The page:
Remote monitoring your grain bins

Multiple uses for automated xProxy

Have you ever found yourself making frequent trips to grain bins to check if aeration fans are still working properly? If you have electrical systems — like bin fans — that need to stay running, Net Irrigate’s new xProxy system can help monitor them and notify you of a problem, avoiding the need for frequent physical checks.

The xProxy is designed to detect interruptions in an electrical circuit and use the cellular network to send out an alert. It works with any “normally closed” electrical circuit, which means one in which electricity should normally be flowing. As soon as the circuit is interrupted, or “open,” the xProxy knows something has gone wrong and sends an instant notification.

“The xProxy can be hooked up to any type of switch or relay,” explains Julie Upchurch, Net Irrigate’s director of sales. “It just needs a set of dry contacts to hook up to. When that circuit opens, it sends out a signal to let you know something has occurred.”

The system is based on one the company was selling to irrigation users to help prevent wire thefts. “There are hundreds of potential uses for the xProxy,” Upchurch adds. “In agriculture there are a lot of security uses. You could hook it onto a simple limit switch on a gate or a barn door. Anytime they open it’s going to call you. On the grain side of things there are several uses on a grain bin to monitor functions. One we’re seeing is people are hooking it up on a relay on a fan. Anytime the fan on a dryer shuts off, (xProxy) sends out the customizable alert.”

xProxy devices are set up and activated using a free mobile app, Alerts can be sent to several people.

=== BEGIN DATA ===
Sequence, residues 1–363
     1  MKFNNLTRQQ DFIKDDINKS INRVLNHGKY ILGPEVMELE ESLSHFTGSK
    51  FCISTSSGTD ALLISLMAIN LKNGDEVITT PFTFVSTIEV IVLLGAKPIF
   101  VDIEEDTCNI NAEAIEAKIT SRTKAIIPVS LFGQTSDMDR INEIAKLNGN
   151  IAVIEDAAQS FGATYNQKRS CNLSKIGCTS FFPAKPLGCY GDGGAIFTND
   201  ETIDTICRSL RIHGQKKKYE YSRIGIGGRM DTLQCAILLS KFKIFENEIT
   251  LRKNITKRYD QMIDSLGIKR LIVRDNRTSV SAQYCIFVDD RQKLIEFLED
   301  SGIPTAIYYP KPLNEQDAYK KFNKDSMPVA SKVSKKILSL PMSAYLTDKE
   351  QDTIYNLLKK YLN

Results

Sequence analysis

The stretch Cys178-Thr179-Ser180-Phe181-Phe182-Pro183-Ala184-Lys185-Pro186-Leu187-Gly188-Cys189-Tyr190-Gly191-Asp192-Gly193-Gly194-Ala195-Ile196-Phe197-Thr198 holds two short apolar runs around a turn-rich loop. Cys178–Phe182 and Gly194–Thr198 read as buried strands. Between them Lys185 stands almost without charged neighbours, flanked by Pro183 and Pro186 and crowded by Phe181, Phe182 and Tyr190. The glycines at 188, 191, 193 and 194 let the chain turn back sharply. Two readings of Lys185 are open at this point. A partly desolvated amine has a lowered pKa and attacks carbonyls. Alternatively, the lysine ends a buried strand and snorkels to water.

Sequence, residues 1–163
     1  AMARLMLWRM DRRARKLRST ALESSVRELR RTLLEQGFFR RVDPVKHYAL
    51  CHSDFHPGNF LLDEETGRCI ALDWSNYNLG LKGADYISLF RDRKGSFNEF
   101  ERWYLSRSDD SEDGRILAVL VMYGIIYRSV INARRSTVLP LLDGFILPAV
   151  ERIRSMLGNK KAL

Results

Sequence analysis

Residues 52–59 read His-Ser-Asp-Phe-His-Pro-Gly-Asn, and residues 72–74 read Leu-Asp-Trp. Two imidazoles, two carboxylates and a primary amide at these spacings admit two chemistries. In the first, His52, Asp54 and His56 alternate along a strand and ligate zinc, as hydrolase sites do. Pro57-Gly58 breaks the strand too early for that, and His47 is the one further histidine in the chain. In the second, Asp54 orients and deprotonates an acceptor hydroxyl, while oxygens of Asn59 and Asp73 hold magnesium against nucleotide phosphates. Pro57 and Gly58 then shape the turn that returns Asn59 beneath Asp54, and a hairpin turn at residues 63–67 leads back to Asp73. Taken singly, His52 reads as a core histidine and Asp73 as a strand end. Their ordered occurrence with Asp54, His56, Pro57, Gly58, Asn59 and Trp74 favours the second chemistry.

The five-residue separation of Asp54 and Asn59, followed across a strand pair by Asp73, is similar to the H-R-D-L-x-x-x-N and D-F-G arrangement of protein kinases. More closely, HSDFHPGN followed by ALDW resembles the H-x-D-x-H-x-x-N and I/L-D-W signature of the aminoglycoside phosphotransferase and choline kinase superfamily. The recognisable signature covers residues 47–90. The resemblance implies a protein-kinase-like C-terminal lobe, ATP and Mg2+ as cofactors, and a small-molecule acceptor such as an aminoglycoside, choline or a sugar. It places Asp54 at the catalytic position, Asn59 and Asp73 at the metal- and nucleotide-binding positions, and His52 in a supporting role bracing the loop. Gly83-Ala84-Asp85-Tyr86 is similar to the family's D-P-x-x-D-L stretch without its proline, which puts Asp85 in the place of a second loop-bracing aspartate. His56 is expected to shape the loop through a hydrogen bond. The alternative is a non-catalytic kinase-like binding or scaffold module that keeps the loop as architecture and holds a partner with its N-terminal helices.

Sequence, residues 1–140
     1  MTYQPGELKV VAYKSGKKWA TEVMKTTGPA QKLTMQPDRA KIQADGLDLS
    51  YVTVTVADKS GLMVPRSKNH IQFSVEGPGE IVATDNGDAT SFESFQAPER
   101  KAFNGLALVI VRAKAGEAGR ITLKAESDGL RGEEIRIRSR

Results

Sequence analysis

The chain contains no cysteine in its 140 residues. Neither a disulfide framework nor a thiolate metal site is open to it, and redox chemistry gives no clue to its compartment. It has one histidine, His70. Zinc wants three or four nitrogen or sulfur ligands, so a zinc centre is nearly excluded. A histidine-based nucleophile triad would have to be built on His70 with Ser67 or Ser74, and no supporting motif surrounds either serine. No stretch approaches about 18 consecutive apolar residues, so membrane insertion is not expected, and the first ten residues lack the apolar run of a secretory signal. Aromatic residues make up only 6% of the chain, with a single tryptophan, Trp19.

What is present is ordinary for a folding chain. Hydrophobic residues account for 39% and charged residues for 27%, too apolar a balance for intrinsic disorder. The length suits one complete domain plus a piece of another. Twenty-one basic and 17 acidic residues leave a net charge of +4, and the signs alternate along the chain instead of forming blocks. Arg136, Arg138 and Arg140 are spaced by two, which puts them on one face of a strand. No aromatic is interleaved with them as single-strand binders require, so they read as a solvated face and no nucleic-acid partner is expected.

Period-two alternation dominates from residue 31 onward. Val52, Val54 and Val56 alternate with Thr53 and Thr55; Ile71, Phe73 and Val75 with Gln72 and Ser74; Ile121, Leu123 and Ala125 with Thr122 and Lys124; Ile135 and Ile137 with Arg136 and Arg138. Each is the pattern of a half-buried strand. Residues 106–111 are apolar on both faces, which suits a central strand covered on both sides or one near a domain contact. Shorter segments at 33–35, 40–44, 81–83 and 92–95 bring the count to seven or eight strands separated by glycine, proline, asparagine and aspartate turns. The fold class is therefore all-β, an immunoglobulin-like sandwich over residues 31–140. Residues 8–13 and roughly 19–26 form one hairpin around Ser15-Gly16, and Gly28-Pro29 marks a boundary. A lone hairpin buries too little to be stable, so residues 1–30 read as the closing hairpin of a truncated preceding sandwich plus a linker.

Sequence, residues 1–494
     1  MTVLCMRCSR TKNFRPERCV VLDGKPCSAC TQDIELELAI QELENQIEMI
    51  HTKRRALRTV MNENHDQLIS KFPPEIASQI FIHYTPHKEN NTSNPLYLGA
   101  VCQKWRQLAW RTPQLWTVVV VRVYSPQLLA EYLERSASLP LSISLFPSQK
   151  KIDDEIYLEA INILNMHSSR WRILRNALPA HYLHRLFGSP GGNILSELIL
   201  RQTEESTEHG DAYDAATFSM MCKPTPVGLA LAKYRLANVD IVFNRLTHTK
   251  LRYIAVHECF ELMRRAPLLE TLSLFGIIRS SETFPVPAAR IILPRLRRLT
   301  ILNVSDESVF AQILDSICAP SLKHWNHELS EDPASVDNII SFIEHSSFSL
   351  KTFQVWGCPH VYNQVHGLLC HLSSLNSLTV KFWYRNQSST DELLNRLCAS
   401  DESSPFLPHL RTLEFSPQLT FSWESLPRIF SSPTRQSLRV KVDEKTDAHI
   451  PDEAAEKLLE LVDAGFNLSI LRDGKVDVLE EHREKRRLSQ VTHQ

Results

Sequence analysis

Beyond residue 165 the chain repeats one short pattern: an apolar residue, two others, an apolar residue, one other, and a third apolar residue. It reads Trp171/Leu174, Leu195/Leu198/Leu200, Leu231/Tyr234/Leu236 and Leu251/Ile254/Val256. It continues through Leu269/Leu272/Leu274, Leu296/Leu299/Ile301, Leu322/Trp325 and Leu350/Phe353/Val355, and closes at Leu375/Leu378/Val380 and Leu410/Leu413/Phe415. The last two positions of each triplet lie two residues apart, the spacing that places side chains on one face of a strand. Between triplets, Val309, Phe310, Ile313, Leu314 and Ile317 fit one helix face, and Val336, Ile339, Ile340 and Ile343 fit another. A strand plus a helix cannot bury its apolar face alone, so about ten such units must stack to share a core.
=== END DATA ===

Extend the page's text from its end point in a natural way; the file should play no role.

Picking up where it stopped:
“They can also customize who is actually getting those alerts,” she says. “It can be configured so up to five people receive an email, phone call, text message or push notification every time that alert goes off.”

Users do not have to pay for an additional cellular device in order to use the system. Each xProxy unit comes with prepaid service for it’s entire lifespan, which should be about five years.

“On the cellular side, we do not charge an ongoing subscription fee to our customers,” says Upchurch. “All the cell data costs are built into that US$679 price. The reason we can get away with that is our devices have a fixed life based on the battery that’s in there. It has about a five year life. The best way to describe the battery is it has about 2,500 events. The battery life can be monitored from the mobile app as well.”

With the xProxy, Net Irrigate is just now moving into areas of agriculture other than irrigation, so it’s looking to expand its dealer network in both the U.S. and Canada. For more information on the xProxy and to find a retailer — or to become one — go to the company’s website, netirrigate.com.

About the author

Machinery Editor

Scott Garvey is the machinery editor for Grainews.

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